The development of higher education and social change: an by Teshome Wagaw

By Teshome Wagaw

Begun greater than a decade in the past whereas their writer taught on the Ethiopian nationwide collage, this learn examines the advance of the associations of upper schooling and the jobs they performed in remodeling conventional Ethiopian society. 
     Wagaw units out to end up that, even if different modernizing associations of studying could give a contribution considerably to social and monetary swap, associations of upper schooling and their scholars have already got effected profound revolution and confirmed imperative to the tested order. 
      His examine argues that Ethiopian associations of upper schooling have been germane to the rising society. They led Ethiopia down a frequently unpeaceful direction from its oppressively conventional previous towards development and enlightenment.

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Coupled with a rapid growth in population due to decreased child mortality and improved longevity, these factors have contributed to chronic stagnation or even decline in most African economies. Since 1973 the international economic situation (energy crises, ''stagfiation" in the developed countries, a relatively slow growth of trade in both primary agricultural products such as coffee and tobacco and minerals such as iron and copper) has further contributed to the worsening economic conditions in Africa.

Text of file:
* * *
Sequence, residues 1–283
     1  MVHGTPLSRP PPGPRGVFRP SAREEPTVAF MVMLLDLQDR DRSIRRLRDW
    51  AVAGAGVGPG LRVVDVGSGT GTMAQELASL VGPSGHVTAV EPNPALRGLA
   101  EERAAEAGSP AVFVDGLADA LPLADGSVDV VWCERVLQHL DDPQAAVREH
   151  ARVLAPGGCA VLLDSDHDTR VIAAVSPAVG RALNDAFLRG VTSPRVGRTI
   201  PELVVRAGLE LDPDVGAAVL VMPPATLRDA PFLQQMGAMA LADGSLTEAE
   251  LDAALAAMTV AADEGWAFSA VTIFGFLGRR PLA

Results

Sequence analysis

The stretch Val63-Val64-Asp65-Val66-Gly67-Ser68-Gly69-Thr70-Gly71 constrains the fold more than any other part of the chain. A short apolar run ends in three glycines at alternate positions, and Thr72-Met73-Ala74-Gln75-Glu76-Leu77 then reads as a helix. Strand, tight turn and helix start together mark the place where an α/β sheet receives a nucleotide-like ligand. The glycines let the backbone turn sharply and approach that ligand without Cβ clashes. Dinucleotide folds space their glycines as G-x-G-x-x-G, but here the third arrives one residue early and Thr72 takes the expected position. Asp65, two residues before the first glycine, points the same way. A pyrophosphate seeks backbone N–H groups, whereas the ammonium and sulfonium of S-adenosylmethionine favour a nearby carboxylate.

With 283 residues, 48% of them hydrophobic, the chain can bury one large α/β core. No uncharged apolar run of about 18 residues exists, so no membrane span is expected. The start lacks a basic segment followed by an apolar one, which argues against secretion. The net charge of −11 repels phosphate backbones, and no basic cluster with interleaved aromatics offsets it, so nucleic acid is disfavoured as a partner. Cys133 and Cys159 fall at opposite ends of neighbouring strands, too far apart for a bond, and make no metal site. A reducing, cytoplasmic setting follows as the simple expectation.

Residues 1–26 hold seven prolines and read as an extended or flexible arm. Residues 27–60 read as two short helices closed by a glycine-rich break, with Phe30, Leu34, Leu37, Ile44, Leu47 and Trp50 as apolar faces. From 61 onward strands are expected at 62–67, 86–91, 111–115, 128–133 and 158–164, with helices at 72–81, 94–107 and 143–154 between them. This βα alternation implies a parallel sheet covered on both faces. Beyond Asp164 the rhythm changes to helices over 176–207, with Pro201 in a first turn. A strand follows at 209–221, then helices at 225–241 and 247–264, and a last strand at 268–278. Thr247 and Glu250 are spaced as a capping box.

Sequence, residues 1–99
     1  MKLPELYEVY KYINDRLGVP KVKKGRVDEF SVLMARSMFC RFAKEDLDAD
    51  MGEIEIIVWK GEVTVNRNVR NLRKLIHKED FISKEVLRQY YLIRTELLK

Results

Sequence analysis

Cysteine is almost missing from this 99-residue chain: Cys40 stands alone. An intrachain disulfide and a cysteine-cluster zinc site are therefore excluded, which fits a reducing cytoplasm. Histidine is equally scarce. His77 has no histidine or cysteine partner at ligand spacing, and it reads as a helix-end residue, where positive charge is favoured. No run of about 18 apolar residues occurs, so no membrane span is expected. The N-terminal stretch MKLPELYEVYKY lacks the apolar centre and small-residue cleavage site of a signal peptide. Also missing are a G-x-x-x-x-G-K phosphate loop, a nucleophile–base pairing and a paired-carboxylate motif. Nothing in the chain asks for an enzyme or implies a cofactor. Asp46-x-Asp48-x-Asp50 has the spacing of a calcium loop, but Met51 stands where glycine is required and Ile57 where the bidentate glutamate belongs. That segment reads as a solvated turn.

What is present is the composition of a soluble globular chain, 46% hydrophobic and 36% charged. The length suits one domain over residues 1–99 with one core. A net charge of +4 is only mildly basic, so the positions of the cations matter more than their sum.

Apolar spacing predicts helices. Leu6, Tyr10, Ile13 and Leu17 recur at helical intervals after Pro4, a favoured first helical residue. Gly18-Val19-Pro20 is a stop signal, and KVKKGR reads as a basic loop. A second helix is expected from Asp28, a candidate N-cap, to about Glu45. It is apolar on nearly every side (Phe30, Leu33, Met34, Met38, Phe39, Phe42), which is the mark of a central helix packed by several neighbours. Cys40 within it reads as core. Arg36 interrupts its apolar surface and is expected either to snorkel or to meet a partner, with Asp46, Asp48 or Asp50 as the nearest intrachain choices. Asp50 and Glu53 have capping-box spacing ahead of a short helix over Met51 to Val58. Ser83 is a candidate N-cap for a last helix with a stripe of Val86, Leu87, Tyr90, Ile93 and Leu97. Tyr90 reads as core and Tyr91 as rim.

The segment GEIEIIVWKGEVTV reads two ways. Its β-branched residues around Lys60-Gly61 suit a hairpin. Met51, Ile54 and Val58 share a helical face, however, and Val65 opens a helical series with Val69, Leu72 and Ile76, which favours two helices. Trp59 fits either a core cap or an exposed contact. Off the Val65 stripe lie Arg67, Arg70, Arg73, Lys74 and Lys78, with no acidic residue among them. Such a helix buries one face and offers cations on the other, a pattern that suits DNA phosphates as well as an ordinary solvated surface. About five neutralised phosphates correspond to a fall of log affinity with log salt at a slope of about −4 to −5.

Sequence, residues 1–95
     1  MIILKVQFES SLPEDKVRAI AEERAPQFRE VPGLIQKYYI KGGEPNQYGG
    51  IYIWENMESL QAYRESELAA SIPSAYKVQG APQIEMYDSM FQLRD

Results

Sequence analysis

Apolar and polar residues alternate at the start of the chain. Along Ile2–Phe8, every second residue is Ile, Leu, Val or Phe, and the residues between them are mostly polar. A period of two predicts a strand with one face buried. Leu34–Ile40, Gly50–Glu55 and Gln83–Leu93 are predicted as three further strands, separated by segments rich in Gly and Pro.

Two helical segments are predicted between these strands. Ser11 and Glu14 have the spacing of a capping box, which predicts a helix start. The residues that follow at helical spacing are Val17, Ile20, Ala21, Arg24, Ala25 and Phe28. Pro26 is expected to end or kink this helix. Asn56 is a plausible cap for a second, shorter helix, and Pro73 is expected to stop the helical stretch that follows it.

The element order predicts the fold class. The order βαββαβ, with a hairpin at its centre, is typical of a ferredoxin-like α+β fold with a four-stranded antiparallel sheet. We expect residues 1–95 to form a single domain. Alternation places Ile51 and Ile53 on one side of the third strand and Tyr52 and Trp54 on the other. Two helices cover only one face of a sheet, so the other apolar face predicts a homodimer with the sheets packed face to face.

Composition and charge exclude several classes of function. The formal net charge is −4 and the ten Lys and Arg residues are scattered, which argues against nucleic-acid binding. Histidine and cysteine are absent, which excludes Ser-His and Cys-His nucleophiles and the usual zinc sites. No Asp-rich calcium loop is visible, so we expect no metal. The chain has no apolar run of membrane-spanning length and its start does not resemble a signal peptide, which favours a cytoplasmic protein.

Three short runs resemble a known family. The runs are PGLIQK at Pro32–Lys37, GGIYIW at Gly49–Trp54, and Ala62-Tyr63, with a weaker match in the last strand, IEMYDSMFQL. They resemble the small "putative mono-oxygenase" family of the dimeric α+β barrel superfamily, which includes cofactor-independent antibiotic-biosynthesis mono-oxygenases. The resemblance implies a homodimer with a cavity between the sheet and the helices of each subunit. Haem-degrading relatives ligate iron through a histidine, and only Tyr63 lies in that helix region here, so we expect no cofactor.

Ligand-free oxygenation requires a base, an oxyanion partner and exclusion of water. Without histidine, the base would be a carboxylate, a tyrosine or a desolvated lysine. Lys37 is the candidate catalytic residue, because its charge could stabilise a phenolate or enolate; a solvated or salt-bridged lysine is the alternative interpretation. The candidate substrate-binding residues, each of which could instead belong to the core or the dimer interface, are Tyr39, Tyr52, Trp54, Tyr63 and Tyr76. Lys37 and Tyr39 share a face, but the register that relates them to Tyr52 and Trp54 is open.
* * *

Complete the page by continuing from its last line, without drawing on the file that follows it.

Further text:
The rugged terrain and deep valleys have also contributed to the lack of effective communication among the inhabitants and impeded the rapid spread of education. 5 percent per annum, which would double the population by the end of the century. An increasing percentage of the population consists of children and young people as a result of the combined effect of rapid population growth and a relative decrease in child mortality. , agro-pastoral activities are the main contributors to the national gross domestic product.

Since 1973 the international economic situation (energy crises, ''stagfiation" in the developed countries, a relatively slow growth of trade in both primary agricultural products such as coffee and tobacco and minerals such as iron and copper) has further contributed to the worsening economic conditions in Africa. S. 00 is the lowest in the world. On the other hand, most African countries have made substantial progress in the areas of health, education, and transportation. As a result of educational improvements, most of the civil service, as well as parastatal positions, are filled by trained Africans.

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